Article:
Does PPM Create A Higher Or Lower Cost Per Point?
April 25, 2008 at 10:18 AM (PT)
RESEARCH DIRECTOR, INC. has completed an examination of how the introduction of ARBITRON's PPM has affected radio cost-per-points. The study examined cost-per-points in the top-10 markets and their associated embedded metros. Cost-per-point (CPP) is the currency that is often used to judge the relative value of a radio station’s inventory.
The study used two years of SQAD data for Adults 25-54, MONDAY-FRIDAY 6a-12m. (SQAD is the service that tracks market cost-per-points). The study shows that the introduction of PPM into a market results in cost-per-points rising significantly. PHILADELPHIA, where PPM became currency in APRIL (MARCH report) has seen a 21% increase in Adult 25-54 CPP. In APRIL, 2007, SQAD reported PHILADELPHIA cost-per-points averaging $257. Eleven months later CPP has risen to $311.
Anything less than a 43% increase in CPP means it's actually down, assuming that 70=100 in the conversion that Arbitron has preached.
Has CPP Remained Flat -- Or Not?
HOUSTON PPM data became currency in JULY (JUNE Report). In the last nine months, CPP has risen from $223 to $312, a 40% increase. In comparision, in markets where PPM is not yet currency, the CPP has remained basically flat ... or does it?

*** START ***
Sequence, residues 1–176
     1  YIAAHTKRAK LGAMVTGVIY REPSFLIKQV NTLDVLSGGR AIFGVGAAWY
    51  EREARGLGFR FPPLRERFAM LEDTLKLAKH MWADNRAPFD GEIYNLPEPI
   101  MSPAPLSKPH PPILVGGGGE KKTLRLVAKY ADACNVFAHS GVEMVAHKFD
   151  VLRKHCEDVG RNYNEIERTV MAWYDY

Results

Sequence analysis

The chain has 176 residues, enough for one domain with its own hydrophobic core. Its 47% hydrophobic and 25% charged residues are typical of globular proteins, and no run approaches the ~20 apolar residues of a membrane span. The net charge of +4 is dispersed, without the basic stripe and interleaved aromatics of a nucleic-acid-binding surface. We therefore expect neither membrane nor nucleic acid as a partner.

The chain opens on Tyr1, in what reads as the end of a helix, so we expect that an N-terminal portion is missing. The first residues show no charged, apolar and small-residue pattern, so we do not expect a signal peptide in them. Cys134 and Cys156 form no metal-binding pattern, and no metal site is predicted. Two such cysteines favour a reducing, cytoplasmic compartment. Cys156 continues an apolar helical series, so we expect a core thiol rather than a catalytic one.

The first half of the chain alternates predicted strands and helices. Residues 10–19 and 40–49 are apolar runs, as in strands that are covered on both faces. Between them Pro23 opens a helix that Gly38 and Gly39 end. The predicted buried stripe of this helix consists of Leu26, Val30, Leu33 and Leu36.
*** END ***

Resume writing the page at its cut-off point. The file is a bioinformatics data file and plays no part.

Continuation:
If we are to go by the new adjusted agency planner thinking that 70 is the new 100, it looks as if CPP in PHILADELPHIA is off 15% and HOUSTON is down slightly, just 2%, in comparison to the more familiar diary-based CPP advertisters have been dealing with forever. Looks like not everyone at the agency level has made that adjustment.
Consultant RANDY KABRICH lends his insight, saying the "easiest way to see it is to give an example."
"If the schedule delivers 100 GRPs and costs $20,000, then the CPP is $200 ($20,000 divided by 100). If that schedule now delivers only 70 GRPS and still costs $20,000 then the CPP is now $286 ($20,000 divided by 70), which is an increase of 43%."
"If the schedule delivers 100 GRPs and costs $30,000 then the CPP is $300 If that schedule now delivers only 70 GRPs and still costs $30,000, then the CPP is now $429, which is the same increase -- 43%."
"Bottom line? For the CPP to be EVEN in a 70=100 world, the CPPs have to increase by 43% (which is what 100 divided by 70 equals). Anything less than a 43% increase in CPP means it's actually down, assuming that 70=100 in the conversion that ARBITRON has preached."
"Thus, as diary markets were flat. PPM markets did not even keep pace -- and were down in CPP -- which goes against the statements ARBITRON and the RAB had made for years that PPM would increase the effective CPP because of 'confidence in ratings.' So now radio is paying 65-90% more for a system that is not MRC accredited and according to the report, the PPM markets are not even keeping pace with the Diary Markets!"
RESEARCH DIRECTOR Pres. CHARLIE SISLEN, pointing to his study's numbers, said, "It is a clear sign of market forces ... Radio station rates are based on supply and demand. Cost-per-points are only a gauge. This dramatic rise in cost-per-points clearly shows this."
RESEARCH DIRECTOR Partner MARC GREENSPAN observed that "many in the industry were concerned how the switch over to PPM would affect cost-per-points. Clearly, planners are readjusting their parameters to reflect the new measurement tool. It is our hope that the next wave of released markets will see similar CPP gains."